For thousands of years, human affairs had been governed through Aristotle's ancient formula, which considered some men worth of ruling while others as only destined to be subjected. However, in 1776, the Declaration of Independence put forward by Thomas Jefferson, stated, "All men are created equal," and that slavery was "execrable commerce...and as an assemblage of horrors." The assertions of President Jefferson and his contribution to the establishment of the United States have made him one of the greatest and high revered leaders of the country. However, while most of the historians and political pundits consider him a great leader, questions remain on whether he was a statesman whose actions were ethical and according to what he expressed as his beliefs, or whether he was a hypocrite whose actions went contrary to what he advocated for publicly.
The ability of a leader to advance the best interests of the nation is a major aspect of administrative ethics and a defining concept of statesmanship. In the quest for ensuring the best interest of the state, leaders often make decisions that are unpopular and which can threaten their credibility. One of the greatest depictions of Jefferson's statesmanship was his decision to purchase the Louisiana Territory from France despite the lack of support and consent from the Congress. Such a decision has the potential to influence impeachment proceedings, yet Jefferson knew it was for the best interest of the country, and thus put his reputation on the line. He knew that to secure the economic and military independence of the U.S. a purchase, rather than a military takeover was the best option at the time. Among many other decisions, Jefferson showed that he was a statesman who was ready to go beyond his beliefs and those of his followers to secure the economic and security needs of the United States.
Despite the statesmanship decisions that Thomas Jefferson made which continue to place him among the greatest leaders of the United States' history, some of his life activities discredited his standing and reputation greatly. For example, the Declaration of Independence, which is a hallmark of his legacy, and often viewed as a reflection of his morals and convictions, was against the practice of slavery. However, President Jefferson went against what he stood for and continued to hold approximately 200 slaves who worked at his Monticello Plantation. Despite terming slavery as an "assemblage of horrors," continuing to hold slaves himself was a major indictment on his character. Consequently, his declaration of slavery as an activity that should be stopped in the United States, continuing it at his Monticello Plantation was a depiction of hypocrisy.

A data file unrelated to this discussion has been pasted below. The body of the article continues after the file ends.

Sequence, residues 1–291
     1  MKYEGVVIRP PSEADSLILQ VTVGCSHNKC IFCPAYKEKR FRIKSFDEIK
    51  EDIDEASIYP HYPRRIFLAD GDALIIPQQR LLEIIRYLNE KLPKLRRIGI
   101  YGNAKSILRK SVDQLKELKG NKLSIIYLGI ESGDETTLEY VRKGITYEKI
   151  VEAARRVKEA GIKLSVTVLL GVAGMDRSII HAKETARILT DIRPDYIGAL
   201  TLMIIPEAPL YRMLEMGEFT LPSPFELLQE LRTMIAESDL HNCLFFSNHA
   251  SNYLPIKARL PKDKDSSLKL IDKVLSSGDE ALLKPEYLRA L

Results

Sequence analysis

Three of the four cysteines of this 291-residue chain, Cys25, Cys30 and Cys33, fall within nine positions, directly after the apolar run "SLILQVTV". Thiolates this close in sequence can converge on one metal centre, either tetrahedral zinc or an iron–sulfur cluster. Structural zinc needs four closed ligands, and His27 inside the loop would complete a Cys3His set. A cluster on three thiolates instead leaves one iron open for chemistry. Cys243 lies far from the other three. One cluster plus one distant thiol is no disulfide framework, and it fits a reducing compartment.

A major controversy that mars the legacy of Thomas Jefferson are the allegations that he not only held slaves but also had an illegitimate sexual relationship with one of his slaves known as Sally Hemings resulting to the birth of at one or all of her children. For a long time, there were no definitive answers to the questions as historical documents, and evidence proved to be inadequate. However, the 1998 Dr. Eugene Foster's DNA study concluded that, indeed, Jefferson bore at least a child with Sally Hemings. Although controversy persists on the certainty of the findings on whether Jefferson had illegitimate children, there is no contention on whether he had a concubine. The fact that President Thomas Jefferson had a slave concubine shows that he was not a man who practiced what he wanted the public to believe. In other words, he was hypocrites who continued to practice what the tenets of the constitution which he helped create.